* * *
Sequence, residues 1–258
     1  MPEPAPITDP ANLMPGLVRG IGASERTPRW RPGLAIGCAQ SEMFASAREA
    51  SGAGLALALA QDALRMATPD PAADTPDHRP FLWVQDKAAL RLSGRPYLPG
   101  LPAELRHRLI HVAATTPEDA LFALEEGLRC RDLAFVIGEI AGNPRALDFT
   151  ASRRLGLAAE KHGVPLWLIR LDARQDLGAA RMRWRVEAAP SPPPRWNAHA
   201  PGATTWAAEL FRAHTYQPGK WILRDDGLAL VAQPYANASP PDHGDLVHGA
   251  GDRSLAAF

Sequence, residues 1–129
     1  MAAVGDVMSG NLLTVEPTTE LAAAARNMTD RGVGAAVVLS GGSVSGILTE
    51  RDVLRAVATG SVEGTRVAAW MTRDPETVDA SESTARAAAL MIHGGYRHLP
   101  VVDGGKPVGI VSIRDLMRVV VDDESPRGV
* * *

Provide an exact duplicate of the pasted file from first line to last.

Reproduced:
Sequence, residues 1–258
     1  MPEPAPITDP ANLMPGLVRG IGASERTPRW RPGLAIGCAQ SEMFASAREA
    51  SGAGLALALA QDALRMATPD PAADTPDHRP FLWVQDKAAL RLSGRPYLPG
   101  LPAELRHRLI HVAATTPEDA LFALEEGLRC RDLAFVIGEI AGNPRALDFT
   151  ASRRLGLAAE KHGVPLWLIR LDARQDLGAA RMRWRVEAAP SPPPRWNAHA
   201  PGATTWAAEL FRAHTYQPGK WILRDDGLAL VAQPYANASP PDHGDLVHGA
   251  GDRSLAAF

Sequence, residues 1–129
     1  MAAVGDVMSG NLLTVEPTTE LAAAARNMTD RGVGAAVVLS GGSVSGILTE
    51  RDVLRAVATG SVEGTRVAAW MTRDPETVDA SESTARAAAL MIHGGYRHLP
   101  VVDGGKPVGI VSIRDLMRVV VDDESPRGV